Methane Aqueous Fluids in Montmorillonite Clay Interlayer under Near- Surface Geological Conditions: A Grand Canonical Monte Carlo and Molecular Dynamics Simulation Study
Q Rao and YS Leng, JOURNAL OF PHYSICAL CHEMISTRY B, 118, 10956-10965 (2014).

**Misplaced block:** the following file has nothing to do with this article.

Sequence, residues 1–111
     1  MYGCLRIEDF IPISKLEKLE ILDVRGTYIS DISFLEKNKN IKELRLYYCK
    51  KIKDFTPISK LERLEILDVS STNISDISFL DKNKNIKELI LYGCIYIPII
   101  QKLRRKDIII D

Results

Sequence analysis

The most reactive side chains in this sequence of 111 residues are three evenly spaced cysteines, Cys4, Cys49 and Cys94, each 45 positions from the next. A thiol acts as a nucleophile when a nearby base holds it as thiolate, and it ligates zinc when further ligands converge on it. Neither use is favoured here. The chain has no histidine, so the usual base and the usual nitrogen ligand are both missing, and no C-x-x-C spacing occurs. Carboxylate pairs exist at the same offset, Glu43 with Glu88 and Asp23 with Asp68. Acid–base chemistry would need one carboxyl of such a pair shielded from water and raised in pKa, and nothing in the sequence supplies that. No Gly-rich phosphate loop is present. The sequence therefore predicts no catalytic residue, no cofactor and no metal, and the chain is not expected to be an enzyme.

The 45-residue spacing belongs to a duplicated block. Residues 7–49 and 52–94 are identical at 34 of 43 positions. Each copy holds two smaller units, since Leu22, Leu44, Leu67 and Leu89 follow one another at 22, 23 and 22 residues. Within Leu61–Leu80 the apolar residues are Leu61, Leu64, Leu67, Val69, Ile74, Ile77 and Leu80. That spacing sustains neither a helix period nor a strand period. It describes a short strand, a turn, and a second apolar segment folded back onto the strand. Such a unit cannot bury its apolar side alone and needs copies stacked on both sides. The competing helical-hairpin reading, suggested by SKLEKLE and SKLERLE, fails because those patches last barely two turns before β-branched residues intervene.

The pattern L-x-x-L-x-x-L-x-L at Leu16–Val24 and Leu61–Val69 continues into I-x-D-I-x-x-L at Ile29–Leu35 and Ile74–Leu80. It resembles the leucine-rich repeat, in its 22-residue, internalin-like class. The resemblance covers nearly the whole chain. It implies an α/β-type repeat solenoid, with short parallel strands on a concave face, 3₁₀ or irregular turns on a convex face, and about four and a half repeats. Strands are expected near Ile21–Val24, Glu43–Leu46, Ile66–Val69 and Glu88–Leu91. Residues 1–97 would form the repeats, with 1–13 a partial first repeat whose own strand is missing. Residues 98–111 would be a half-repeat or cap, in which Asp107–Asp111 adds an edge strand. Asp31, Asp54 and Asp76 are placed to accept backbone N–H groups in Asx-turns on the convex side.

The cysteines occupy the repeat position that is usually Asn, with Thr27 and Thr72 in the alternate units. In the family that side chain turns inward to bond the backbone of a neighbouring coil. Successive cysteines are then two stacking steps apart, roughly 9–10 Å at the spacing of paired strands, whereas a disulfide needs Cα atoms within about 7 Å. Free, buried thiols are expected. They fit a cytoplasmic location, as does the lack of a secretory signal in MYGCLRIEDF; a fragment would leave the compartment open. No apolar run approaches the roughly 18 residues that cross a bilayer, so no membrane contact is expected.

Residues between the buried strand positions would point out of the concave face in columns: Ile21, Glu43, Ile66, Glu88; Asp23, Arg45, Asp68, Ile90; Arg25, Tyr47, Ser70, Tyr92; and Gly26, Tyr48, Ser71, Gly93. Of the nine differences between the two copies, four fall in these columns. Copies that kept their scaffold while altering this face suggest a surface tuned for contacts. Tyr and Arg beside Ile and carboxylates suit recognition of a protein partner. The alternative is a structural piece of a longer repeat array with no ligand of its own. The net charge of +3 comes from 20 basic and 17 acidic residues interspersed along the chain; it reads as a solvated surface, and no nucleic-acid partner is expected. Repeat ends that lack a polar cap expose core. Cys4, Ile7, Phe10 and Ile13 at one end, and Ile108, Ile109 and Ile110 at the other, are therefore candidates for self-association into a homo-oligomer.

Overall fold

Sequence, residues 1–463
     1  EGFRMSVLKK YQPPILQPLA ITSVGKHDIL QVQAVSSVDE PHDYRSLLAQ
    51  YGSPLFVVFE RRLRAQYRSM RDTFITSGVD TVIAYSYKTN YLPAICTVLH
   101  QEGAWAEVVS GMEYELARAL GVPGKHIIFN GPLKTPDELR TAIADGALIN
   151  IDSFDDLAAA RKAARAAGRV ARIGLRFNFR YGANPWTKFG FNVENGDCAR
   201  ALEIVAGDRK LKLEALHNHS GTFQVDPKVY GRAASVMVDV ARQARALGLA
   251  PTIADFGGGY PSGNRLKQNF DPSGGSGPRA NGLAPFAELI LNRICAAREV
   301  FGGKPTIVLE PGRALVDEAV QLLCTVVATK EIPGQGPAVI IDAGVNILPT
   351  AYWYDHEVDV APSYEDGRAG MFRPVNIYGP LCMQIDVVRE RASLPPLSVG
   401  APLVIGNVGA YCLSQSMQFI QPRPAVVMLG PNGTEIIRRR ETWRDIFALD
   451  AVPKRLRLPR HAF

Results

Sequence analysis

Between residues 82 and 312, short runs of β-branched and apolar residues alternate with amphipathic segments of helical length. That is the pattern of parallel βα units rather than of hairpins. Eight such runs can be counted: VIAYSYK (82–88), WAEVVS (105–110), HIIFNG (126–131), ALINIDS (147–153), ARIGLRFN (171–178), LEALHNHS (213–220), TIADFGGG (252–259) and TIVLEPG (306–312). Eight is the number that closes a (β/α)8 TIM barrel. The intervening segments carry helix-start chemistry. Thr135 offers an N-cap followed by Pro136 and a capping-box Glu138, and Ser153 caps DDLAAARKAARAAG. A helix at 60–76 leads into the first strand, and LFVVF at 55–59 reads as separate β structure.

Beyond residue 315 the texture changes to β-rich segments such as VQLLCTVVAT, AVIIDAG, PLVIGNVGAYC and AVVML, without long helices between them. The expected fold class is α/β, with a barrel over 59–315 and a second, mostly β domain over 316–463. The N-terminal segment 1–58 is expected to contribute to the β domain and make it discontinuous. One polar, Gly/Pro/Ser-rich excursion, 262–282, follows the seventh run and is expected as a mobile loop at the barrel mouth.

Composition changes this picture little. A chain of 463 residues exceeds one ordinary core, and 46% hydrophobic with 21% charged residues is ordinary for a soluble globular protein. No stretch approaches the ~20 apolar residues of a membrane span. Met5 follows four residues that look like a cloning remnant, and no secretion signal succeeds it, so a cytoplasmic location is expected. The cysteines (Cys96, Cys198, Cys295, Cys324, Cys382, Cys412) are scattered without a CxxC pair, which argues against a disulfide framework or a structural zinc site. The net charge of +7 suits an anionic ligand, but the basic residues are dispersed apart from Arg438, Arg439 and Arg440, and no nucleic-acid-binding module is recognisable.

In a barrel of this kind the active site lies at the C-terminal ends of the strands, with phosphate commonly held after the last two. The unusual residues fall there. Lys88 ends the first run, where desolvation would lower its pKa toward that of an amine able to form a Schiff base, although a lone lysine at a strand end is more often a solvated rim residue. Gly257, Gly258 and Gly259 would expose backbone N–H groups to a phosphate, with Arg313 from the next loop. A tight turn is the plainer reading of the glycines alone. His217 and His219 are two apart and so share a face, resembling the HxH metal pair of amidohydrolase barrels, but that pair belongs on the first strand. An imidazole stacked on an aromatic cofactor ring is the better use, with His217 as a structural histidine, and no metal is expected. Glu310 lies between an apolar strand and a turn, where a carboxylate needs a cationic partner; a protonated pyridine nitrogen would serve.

The grand-canonical Monte Carlo (GCMC) and molecular dynamics (MD) simulations are performed to investigate the methane aqueous fluids in Na-montmorillonite clay interlayer under near-surface geological temperature and pressure conditions (T = 300 K and P = 20-50 bar). The chemical potentials of water and methane under these T/P conditions are calculated using the Widom's insertion method. These chemical potentials are used in the GCMC simulations to determine the contents of different species in the clay interlayer, especially in those that correspond to the equilibrium stable spacing distances. Simulation results show that initial clay swelling is dominated by water adsorption into the clay interlayer, followed by the intercalation of methane as the basal spacing increases. However, it is found that this methane intercalation process is strongly influenced by the relative humidity and the total gas pressure of the system. High relative humidity may facilitate water molecules entering the clay interlayer region and inhibit the intercalation of methane molecules. MD simulations show that sodium ions are fully hydrated by water molecules and clay surface oxygen atoms, while methane molecules are not fully coordinated. This situation is attributed to the less water content in clay interlayer and the subsequent formation of methane dimer or trimer clusters due to the hydrophobic nature of small hydrocarbon molecules.
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